e finest achievements of Ginger Stott at his best," or "Flack is a magnificent find for Kent: he promises to completely surpass the historic feats of Ginger Stott." These journalistic superlatives only irritate those who remember the performances referred to. We who watched the man's career know that Pickering and Flack are but tyros compared to Stott; we know that none of his successors has challenged comparison with him. He was a meteor that blazed across the sky, and if he ever has a true successor, such stars as Pickering and Flack will shine pale and dim in comparison.
It makes one feel suddenly old to recall that great matinee at the Lyceum, given for Ginger Stott's benefit after he met with his accident. In ten years so many great figures in that world have died or fallen into obscurity. I can count on my fingers the number of those who were then, and are still, in the forefront of popularity. Of the others, poor Captain Wallis, for instance, is dead--and no modern writer, in my opinion, can equ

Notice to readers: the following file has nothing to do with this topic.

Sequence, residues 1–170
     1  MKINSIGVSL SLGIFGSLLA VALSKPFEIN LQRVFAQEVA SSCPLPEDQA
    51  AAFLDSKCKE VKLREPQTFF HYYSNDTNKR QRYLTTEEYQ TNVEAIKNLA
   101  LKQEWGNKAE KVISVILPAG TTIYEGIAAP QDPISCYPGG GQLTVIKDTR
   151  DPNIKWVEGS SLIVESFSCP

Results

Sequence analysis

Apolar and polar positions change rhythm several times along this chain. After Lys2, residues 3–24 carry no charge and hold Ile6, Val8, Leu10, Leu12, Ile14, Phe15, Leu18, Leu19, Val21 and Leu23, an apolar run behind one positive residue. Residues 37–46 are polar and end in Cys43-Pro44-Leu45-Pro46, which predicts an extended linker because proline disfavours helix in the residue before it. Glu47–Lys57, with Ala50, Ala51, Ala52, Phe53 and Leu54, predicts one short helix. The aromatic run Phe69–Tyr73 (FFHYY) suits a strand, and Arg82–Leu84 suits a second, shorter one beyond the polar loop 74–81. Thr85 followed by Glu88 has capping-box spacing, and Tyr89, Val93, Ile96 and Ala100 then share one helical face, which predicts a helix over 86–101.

I\\\'ve never heard of this author, but this is a very impressive novel about a child with super-intelligence. Not a book that may amuse you, but a book that lets you think.
A brilliant and unsettling, at times moving, account of a superhuman child, his brief trajectory on Earth, the adults he profoundly affects, and his extreme alienation. The author creates one of most convincing and compelling accounts of superhuman intelligence in literature. To appreciate it, however, one ought to have at least rudimentary intelligence, oneself (which disqualifies the one-star reviewer).
A slow-moving and rather pointless novel about a strange child genius.
The beginning bogs down in a lot of detail about his father's brilliant but aborted career as a cricket player, so much so that at first it seems as if it's going to be a sports story. Then, when we finally get to the child, he leads a thoroughly dull life for all of his peculiarly intimidating intellect, and never does anything very important.